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B (ASK) Implicit Differentiation

  1. Aug 17, 2016 #1
    What is ##\frac{d}{dx}(\frac{x}{y^2})##?

    Please tell me is it correct or not:

    ##\frac{d}{dx}(\frac{x}{y^2}) = \frac{[\frac{d}{dx}(x)] ⋅ (y^2) - (x) ⋅ [\frac{d}{dx} (y^2)]}{(y^2)^2}##
    ## = \frac{(x) ⋅ (y^2) - (x) ⋅ (\frac{d}{dy} (y^2)) ⋅ \frac{dy}{dx}}{y^4}##
    ##= \frac{xy^2 - (x)(2y)(\frac{dy}{dx})}{y^4}##
    ##= \frac{xy^2 - 2xy(\frac{dy}{dx})}{y^4}##
     
  2. jcsd
  3. Aug 17, 2016 #2

    fresh_42

    Staff: Mentor

    Do you know what ##\frac{d}{dx}x## is? And isn't there another ##y## that could be canceled?
     
  4. Aug 17, 2016 #3
    I think you made a typo - what is ## \frac{d}{dx}(x) ## ?

    P.S - fresh_42 posted at the time I was typing. Yes a y can be cancelled.
     
  5. Aug 17, 2016 #4
    Yes, sorry, I've made a typo:

    ##\frac{d}{dx}(\frac{x}{y^2}) = \frac{[\frac{d}{dx}(x)] ⋅ (y^2) - (x) ⋅ [\frac{d}{dx} (y^2)]}{(y^2)^2}##
    ##= \frac{(1) ⋅ (y^2) - (x) ⋅ (\frac{d}{dy} (y^2)) ⋅ \frac{dy}{dx}}{y^4}##
    ##= \frac{y^2 - (x)(2y)(\frac{dy}{dx})}{y^4}##
    ##= \frac{y^2 - 2xy(\frac{dy}{dx})}{y^4}##


    What y could be cancelled?
     
  6. Aug 17, 2016 #5

    fresh_42

    Staff: Mentor

    You differentiated something with ##y^{-2}## which would give you something with ##y^{-3}## but your result is something with ##y^{-4}##.
     
  7. Aug 17, 2016 #6
    Do you mean the ##y^4## in the denominator?

    What's wrong with that?

    Isn't I am already correct?

    The quotient rule is ##\frac{u'v - uv'}{v^2}## where ##v = y^2##, am I right?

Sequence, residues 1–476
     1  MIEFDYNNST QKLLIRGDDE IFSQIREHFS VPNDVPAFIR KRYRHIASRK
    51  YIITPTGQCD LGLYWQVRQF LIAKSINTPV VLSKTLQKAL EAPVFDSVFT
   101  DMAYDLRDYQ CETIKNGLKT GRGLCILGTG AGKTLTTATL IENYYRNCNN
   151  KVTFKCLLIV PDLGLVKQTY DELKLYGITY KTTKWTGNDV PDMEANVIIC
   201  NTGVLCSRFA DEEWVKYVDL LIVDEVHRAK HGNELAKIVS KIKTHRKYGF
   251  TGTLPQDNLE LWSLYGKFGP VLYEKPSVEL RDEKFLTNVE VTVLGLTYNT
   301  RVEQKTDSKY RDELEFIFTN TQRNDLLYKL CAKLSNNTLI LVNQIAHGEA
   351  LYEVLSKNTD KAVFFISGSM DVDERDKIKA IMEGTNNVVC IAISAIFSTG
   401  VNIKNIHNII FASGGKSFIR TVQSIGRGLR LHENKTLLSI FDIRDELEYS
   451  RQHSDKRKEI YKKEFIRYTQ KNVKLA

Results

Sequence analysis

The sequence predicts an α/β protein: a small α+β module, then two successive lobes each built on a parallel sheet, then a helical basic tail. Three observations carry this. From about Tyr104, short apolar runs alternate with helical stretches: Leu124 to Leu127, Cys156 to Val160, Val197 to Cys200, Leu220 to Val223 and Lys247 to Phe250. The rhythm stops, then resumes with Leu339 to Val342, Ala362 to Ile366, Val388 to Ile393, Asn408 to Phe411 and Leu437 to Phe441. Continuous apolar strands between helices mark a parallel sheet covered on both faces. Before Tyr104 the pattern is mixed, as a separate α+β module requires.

8. Aug 17, 2016 #7

    fresh_42

    Staff: Mentor

    Nothing. If you like, you may even write ##y^{100}##. Just said it's not the usual way. And you don't have to shout here.
     
  9. Aug 17, 2016 #8
    I am not shouting. So, what do you mean with another ##y## that could be cancelled?

    Please explain, I don't understand.
     
  10. Aug 17, 2016 #9

    fresh_42

    Staff: Mentor

    You have a common factor ##y## in each summand of the nominator and four of them in the denominator.
    Or if you like to proceed with formulas: ##ab+ac=a(b+c)## and ##\frac{y(y-2xy')}{y^4}=\frac{y-2xy'}{y^3}##.
     
  11. Aug 17, 2016 #10
    OK, but is it correct of what I've done so far?
     
  12. Aug 17, 2016 #11

    fresh_42

    Staff: Mentor

    Yes.
    And in case you want to differentiate it a second time, it will be a lot easier if ##y## is canceled out before. This also reduces the risk of making mistakes. Since ##y## must not be zero anyway, it may be canceled.
     
  13. Sep 16, 2016 #12
    There is a mistake in yours 2 step.
    $$\because\;\dfrac{d}{dx}(x)=1\;\&\;\dfrac{d}{dx}(y)^2=2y\cdot\dfrac{dy}{dx}$$
    So, your 2 step will be as-
    $$\dfrac{d}{dx}\left(\dfrac{x}{y^2}\right)=\dfrac{1\cdot y^2-x\cdot2y\dfrac{dy}{dx}}{y^4}$$
    $$=\dfrac{y^2-2xy\left(\dfrac{dy}{dx}\right)}{y^4}$$
    I think this will help you in learning implicit differentiation.
    http://www.actucation.com/calculus-...ative/implicit-derivative-and-its-application
     
  14. Sep 16, 2016 #13
    Yes you're right. Thank you for the correction.
     
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